Materializing the Bible is a digital scholarship project launched in July 2015, focused on attractions of religious tourism. The project curates a global, interactive catalogue of attractions that transform the written words of scripture into experiential, choreographed environments. It is intended for popular audiences as well as scholars in anthropology, religious studies, and related disciplines concerned with how materiality, the senses, entertainment, and sacred space intersect. The undergraduate apprentice who is selected will have multiple research opportunities available to them. Possible contributions include:
· Identify and implement digital resources for data presentation (e.g., interactive timeline);
· Qualitative data analysis (e.g., interviews; fieldwork video; archival materials)
Part of the initial work will be to propose further possibilities through exploring other digital scholarship projects. Students with interests in anthropology, lived religion, and/or digital scholarship are especially encouraged to apply.
Most art is for the sighted. The visually impaired do not have access to much art, classical or contemporary. The Paintings for the Visually Impaired project strives to use digital and mechanical processes of fabrication to re-create original paintings into a format which is easier for those with visual impairments to experience. The project will prepare images for production, digitally sculpt solutions into wooden surfaces, and present these in a public forum. The successful apprentice will have some familiarity with digital imaging software (e.g. Adobe Photoshop), wood working and using a camera; mentorship will be provided where there are deficiencies in the skill set. Research apprentices will assist with 1) the processing of images using Adobe Photoshop techniques developed specifically for this project, 2) depending on existing skill set, prepare the wooden blanks used for digital carving, and 3) using notes and photography assist with documenting the project.
Much of contemporary art incorporates the participation of the viewer. Interactive and socially engaged projects are activated and brought into being through participation, but how does this factor into art historical analysis and art criticism? The research apprentice for this project will assist the faculty advisor with finding ways to comb through and analyze hundreds of hours of video data from a recent participatory artwork, HEWILLNOTDIVIDE.US, a work that featured a webcam in public space that was archived and livestreamed to the internet 24/7. Audio-visual data promises to be the next significant interdisciplinary “big data” research discussion. Together with the faculty advisor, the research apprentice will devise methods for watching samples of the archived feed, perform these methods while gathering quantitative and qualitative data from this archive, and begin synthesis of the research findings with the faculty advisor. The resulting article will both analyze the work of art through participation and be a self-reflexive examination of methods for tackling this unique research problem. The Research Apprentice will be appropriately cited in the article consistent with the level of engagement with the project.
The Research Apprentice assigned to this project does not need to have prior experience with art history or contemporary art, but should have an open mind about and interest in contemporary conceptual, video, and/or performance art. Basic knowledge of video software would be helpful, but not required. Attention to detail and ability to take clear notes and reflect on the method of research as well as conduct it would be helpful as well. The researcher should also be aware that video archive under study contains some instances of intolerant language and iconography.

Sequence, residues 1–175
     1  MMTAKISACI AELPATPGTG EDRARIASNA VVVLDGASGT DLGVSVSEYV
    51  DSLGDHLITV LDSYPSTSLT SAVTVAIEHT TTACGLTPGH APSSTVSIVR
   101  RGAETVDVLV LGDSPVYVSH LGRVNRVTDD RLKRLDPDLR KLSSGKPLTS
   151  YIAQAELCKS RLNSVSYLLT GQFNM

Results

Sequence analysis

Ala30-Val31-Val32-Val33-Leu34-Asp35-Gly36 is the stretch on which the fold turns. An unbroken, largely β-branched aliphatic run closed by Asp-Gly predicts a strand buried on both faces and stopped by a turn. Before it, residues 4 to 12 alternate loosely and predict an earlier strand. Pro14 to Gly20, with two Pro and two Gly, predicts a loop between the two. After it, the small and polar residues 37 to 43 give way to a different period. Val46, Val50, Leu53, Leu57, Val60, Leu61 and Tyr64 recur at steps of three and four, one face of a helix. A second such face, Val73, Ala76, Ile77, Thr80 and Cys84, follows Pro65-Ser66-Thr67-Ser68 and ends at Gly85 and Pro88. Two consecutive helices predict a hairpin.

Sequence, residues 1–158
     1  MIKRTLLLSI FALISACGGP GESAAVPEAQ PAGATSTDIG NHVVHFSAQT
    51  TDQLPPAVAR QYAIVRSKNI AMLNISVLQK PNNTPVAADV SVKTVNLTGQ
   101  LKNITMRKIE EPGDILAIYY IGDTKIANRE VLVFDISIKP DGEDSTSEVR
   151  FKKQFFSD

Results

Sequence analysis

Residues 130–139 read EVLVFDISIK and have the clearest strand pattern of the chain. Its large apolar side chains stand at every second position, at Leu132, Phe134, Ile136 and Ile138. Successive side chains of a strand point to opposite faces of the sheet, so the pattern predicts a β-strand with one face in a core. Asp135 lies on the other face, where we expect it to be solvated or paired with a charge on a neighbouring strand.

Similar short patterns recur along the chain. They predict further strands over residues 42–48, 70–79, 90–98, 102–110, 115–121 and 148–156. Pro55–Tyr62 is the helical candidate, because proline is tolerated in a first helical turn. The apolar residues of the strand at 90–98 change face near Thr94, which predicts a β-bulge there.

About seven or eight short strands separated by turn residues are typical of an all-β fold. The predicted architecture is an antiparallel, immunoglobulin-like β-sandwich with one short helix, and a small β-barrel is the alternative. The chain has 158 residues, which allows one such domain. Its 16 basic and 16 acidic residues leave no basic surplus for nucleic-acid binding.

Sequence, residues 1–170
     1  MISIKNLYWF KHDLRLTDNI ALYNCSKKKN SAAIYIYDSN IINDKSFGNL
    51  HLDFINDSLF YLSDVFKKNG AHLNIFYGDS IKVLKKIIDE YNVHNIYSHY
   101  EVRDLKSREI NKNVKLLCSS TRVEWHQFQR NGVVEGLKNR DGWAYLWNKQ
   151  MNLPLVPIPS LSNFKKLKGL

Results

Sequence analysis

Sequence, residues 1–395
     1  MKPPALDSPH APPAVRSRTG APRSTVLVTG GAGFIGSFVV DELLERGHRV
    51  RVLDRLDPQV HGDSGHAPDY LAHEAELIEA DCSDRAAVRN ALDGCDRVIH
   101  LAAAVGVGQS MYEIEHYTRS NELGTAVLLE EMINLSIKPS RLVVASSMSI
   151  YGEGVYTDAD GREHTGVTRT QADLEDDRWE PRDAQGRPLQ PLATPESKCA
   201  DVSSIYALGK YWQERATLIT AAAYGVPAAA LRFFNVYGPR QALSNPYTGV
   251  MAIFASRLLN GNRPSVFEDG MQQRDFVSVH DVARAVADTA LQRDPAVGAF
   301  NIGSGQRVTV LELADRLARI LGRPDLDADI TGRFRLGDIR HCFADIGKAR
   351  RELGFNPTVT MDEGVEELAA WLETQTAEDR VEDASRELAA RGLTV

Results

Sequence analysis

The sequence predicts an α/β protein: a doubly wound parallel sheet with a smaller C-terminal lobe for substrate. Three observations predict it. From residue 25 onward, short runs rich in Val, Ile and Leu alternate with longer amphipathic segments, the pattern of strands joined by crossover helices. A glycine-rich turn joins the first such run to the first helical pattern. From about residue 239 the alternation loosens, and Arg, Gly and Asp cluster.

This research is for a book project that explores the possibilities and limitations of understanding political community and belonging as populated and constituted by nonhuman entities and elements. The work argues that the dominant tendency to delimit political community from the natural and more than human world by seeing it as produced by exclusively human attributes and actions undermines our ability to think about both social and ecological justice adequately.
I am seeking an undergraduate research apprentice with an interest in environmental problems and questions from a humanities perspective. The apprentice will be majoring in a humanities discipline, have taken at least one philosophy course, have some familiarity with political theory, and possess strong analytic and writing skills. The research apprentice will:
· Consult in the development of the research process and plan.
· Participate in bi-weekly meetings to discuss research progress.
· Conduct book and journal article searches on key philosophical concepts and problems.
· Keep a log of research findings and organize research files.
· Collaborate in the writing of an annotated bibliography.
Narrating the Afterlife of Nuclear Pacific is a book project on post-Fukushima transpacific literary and cultural works that grapple with the pervasiveness of military technologies as the condition of our modern way of life in the decades after US nuclear bomb tests in the Pacific and US introduction of nuclear energy in East Asia immediately after WWII. This project employs transnational feminist and critical ethnic studies approaches to examine the militarization of our everyday life. Under Professor Cho’s guidance, the undergraduate research will do some of the following:
· Search online scholarly databases and digitized collections for images, newspaper articles, government documents, and other types of information on the Atoms for Peace Campaign and build an annotated bibliography of these sources.
· Read and annotate a list of recent secondary sources on both empirical and theoretical (especially new materialist) approaches to the circulation of nuclear waste across the Pacific, structured by the transpacific military industrial complex.